Throughout his long movie and television career, Cherokee actor “Iron Eyes” Cody became the all-time American Indian hero.
Known to a generation as the “Crying Indian” for his appearances as the symbol of the ‘Keep America Beautiful’ anti-litter television campaign in the 1970s, Iron Eyes Cody began his acting career in the 1920s, appearing in over 200 films, including Son of Paleface (1952), Sitting Bull (1954), The Great Sioux Massacre (1965), Nevada Smith (1966), A Man Called Horse (1970) and Ernest Goes to Camp (1987).
Throughout his life, he campaigned to present screen Indians in a historically accurate fashion and was frequently used in Hollywood as a technical adviser regarding Native American matters.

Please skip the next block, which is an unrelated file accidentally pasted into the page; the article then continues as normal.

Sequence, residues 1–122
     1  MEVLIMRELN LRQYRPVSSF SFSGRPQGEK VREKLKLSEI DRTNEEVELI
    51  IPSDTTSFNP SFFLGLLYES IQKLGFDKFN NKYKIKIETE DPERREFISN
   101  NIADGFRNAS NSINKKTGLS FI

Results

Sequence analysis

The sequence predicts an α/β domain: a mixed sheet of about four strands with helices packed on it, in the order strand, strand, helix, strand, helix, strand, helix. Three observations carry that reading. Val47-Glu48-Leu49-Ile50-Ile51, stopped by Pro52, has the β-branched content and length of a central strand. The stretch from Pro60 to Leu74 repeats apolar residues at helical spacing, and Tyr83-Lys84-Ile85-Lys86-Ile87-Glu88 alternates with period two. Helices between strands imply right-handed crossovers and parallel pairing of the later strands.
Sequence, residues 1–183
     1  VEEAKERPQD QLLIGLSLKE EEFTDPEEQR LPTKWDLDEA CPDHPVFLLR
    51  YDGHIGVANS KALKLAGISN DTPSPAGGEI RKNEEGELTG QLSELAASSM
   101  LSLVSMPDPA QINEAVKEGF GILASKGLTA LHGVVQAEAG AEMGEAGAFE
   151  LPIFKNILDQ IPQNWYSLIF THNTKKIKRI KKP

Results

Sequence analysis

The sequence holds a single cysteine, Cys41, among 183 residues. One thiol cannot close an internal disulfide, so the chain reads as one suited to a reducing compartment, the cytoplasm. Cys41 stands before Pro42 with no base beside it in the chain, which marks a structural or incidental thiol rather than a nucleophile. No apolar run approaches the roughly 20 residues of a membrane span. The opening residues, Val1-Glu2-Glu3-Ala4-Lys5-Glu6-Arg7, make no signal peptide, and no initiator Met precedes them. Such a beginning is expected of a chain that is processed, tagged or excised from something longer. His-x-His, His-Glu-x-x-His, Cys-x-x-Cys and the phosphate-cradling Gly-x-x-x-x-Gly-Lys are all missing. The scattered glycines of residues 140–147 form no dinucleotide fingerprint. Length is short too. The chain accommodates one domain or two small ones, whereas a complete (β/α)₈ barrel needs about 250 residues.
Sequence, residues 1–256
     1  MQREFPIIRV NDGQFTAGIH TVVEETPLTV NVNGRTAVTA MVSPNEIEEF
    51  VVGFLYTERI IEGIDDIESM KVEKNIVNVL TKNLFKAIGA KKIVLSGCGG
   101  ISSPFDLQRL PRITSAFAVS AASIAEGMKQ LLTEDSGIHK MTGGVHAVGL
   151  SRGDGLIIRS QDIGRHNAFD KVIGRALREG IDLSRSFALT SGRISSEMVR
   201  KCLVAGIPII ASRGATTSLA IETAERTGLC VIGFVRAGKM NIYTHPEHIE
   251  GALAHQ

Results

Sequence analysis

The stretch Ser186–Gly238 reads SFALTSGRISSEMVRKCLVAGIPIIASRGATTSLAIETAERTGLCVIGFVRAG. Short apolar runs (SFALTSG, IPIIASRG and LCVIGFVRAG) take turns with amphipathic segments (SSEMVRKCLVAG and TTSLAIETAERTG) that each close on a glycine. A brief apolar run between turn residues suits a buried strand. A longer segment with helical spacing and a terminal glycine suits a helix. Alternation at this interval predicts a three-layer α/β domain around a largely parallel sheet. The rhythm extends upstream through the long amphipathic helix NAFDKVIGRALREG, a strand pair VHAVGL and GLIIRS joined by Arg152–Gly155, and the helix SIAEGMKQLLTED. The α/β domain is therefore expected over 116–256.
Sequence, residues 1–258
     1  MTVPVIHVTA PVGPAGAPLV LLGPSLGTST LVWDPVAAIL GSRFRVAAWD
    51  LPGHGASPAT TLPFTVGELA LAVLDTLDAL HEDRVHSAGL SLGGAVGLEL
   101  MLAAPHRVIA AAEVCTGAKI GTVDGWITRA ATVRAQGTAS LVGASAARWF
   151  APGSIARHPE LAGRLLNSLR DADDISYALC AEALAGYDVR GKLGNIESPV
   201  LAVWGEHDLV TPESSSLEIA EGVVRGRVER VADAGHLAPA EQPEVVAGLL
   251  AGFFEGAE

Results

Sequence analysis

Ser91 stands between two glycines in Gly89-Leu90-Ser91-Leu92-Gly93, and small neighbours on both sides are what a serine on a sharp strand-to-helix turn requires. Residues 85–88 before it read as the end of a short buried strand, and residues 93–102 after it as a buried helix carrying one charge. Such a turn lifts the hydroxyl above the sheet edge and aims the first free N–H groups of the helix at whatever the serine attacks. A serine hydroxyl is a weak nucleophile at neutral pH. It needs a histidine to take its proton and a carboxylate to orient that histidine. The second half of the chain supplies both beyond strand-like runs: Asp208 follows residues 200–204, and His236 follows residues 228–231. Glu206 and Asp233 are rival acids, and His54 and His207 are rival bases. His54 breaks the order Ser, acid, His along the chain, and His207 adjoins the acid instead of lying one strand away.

He won respect for devoting much of his time and money to numerous Native American projects.
His biography said he had followed his Cherokee father Thomas Long Plume as a performer in circuses and Wild West shows before breaking into Hollywood.
A tabloid story broke in 1996, in which his half-sister revealed that Iron Eyes Cody was in fact born Espera Oscar DiCorti in Louisiana in 1904 to Italian parents.
The old Hollywood actor was heartbroken and denied the claim.
Cody died of natural causes on 4 January 1999 at his home in Los Angeles, aged 94.